Evangelism, Sabbath-morning style

There is power, power, evangelistic power in your Sabbath-morning pulpit—learn how to harness it!

Robert E. Costa, MA, is an associate ministerial secretary focusing on evangelism and church growth, General Conference of Seventh-day Adventists, Silver Spring, Maryland, United States.

For years it has been my privilege to help train ministers to develop effective soul-winning methods that best suit their own talents and situations. God has given His church a special end-time message to proclaim. Especially during their internship, new ministers should partner with experienced pastors who have a clear evangelistic vision and can train them to present truth within the context of the everlasting gospel (Rev. 14:6–12).

The church also provides a marvelous context for the pastor to deliver the message. There is no venue that has more possibilities for decisions for Christ than the local church. There are three ways in which you can use the church as a powerful avenue for soul-winning.

Maximize evangelism through proclamation

Transform the pulpit in your church into an evangelistic center through the “Sabbath Morning Evangelism” plan. Much more can be done from the pulpit on Sabbath morning. Every Sabbath, thousands of visitors pass through the doors of our churches, and the evangelistic sermon is the most appropriate type to reach them. Every year, the General Conference Ministerial Association develops more and more beautifully illustrated, state-of-the-art, Christ-centered, prophetic, doctrinal sermons in PowerPoint® and Keynote®, freely available and fully editable into any language.1

Every pastor and elder can take advantage of this flexible, inexpensive, and successful plan. They can dedicate a quarter, a semester, or most Sabbaths of the year to do evangelism from the pulpit in their local congregations. Preaching doctrinal sermons has many benefits:

It accustoms congregants to evangelistic preaching on Sabbath morning.This exposes members and visitors alike to the distinctive doctrines of the everlasting gospel. Paul said, “For I have not shrunk from declaring to you God’s whole truth” (Acts 20:27, Weymouth). Declaring God’s whole truth (a) establishes believers upon a solid biblical foundation, (b) increases their faithfulness, and (c) reduces apostasy.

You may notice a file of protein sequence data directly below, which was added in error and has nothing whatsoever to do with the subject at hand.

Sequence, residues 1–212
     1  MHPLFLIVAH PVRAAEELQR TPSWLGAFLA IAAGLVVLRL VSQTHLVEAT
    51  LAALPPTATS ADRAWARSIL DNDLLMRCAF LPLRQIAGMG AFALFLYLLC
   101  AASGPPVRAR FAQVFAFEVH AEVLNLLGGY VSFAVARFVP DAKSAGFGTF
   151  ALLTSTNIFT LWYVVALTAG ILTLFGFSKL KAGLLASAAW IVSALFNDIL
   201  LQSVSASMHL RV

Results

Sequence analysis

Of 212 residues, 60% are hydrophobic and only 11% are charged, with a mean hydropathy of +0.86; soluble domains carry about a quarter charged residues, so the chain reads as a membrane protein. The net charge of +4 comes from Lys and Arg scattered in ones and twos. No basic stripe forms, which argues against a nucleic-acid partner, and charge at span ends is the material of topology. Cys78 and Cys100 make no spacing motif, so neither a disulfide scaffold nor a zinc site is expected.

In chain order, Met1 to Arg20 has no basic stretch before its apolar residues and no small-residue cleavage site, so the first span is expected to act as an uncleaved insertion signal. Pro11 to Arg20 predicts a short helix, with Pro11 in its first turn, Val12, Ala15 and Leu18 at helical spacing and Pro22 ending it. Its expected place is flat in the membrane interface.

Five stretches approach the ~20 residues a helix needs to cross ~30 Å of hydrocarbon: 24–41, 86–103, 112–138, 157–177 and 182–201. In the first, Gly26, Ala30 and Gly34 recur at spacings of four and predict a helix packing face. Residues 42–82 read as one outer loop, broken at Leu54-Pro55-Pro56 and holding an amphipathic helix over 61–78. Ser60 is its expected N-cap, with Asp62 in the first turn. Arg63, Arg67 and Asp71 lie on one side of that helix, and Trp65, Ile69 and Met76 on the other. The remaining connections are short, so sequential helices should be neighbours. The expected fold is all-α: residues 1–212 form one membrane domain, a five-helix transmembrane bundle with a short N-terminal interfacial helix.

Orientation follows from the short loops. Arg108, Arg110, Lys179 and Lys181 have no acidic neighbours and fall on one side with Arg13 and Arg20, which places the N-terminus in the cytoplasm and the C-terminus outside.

It encourages pastors to submit a yearly or quarterly preaching plan.This will include all the essential Bible teachings within one calendar year. In addition, the plan enables congregants to know in advance the subjects to be presented, encouraging them to bring friends and relatives to worship services on Sabbath morning.

It develops more pastor-evangelists and lay-evangelists. Allow the same sermon to be preached in multi-church districts. The pastor can assign the same sermon to all elders. The Word of God must be the best source for sermons. It is the message that comes from the heart of God to that of every person. The Bible and the writings of the Spirit of Prophecy must regain primacy in every pastor’s life. While working to complete the Great Controversy, Ellen White wrote in 1884,“I want to get it out as soon as possible, for our people need it so much . . . I have been unable to sleep nights, thinking of the important things to take place . . . Great things are before us, and we want to call the people from their indifference to get ready.”2

It increases appeals for Jesus and Bible truths. Instead of allowing His disciples (and us) to select what we think we should preach or teach, Jesus told us that we must instruct others “‘to observe all things that I have commanded you’ ” (Matt. 28:20, NKJV). Not to do so is an act of open rebellion—we could say that it is pastoral malpractice. Sadly, there is more than one way to distort evangelism. While one of them is to present something that is not true, perhaps the most subtle misrepresentation involves proclaiming only part of the truth—or a half-truth. Be careful not to ignore the pillars of Christian faith—truths and doctrines that Jesus Himself taught and revealed—especially the message clearly described in Revelation 14:6–12. If we do not preach “all” that Jesus asked us to teach, what kind of disciples are we being?

It increases decisions for Jesus and His church. Baptisms will now take place year-round. Evangelism is a concept that covers much. The purpose of evangelism is to proclaim the message of God’s grace in such a persuasive way that individuals will embrace Jesus as their soon-coming Savior and Lord, unite their lives with His church, and dedicate themselves to service in God’s cause. More than an event, evangelism is a lifestyle for the believer. Charles Bradford states, “It is not for us to argue the question as to whether or not a person can be saved outside church fellowship, or to put it the other way, whether it is absolutely necessary to belong to the SDA Church to be saved. It is our task to pull them into the lifeboat. We can’t afford to be fuzzy in our thinking here. To remain outside is to be in definite peril.”3

Organize evangelism through intercession

The most sacred task of the pastor or elder is to promote true revival and reformation among members that lead them to spend daily quality time in personal communion with God through prayer and study of His Word. Organize the church to be a center for fervent prayer and Bible study. Every great revival and missionary movement throughout history took place only after intense personal and public study of the living Word of God coupled with fervent and earnest prayer Both elements are at the heart of soul winning—and both are at the heart of Sabbath School. What is special about Sabbath School? At least five things.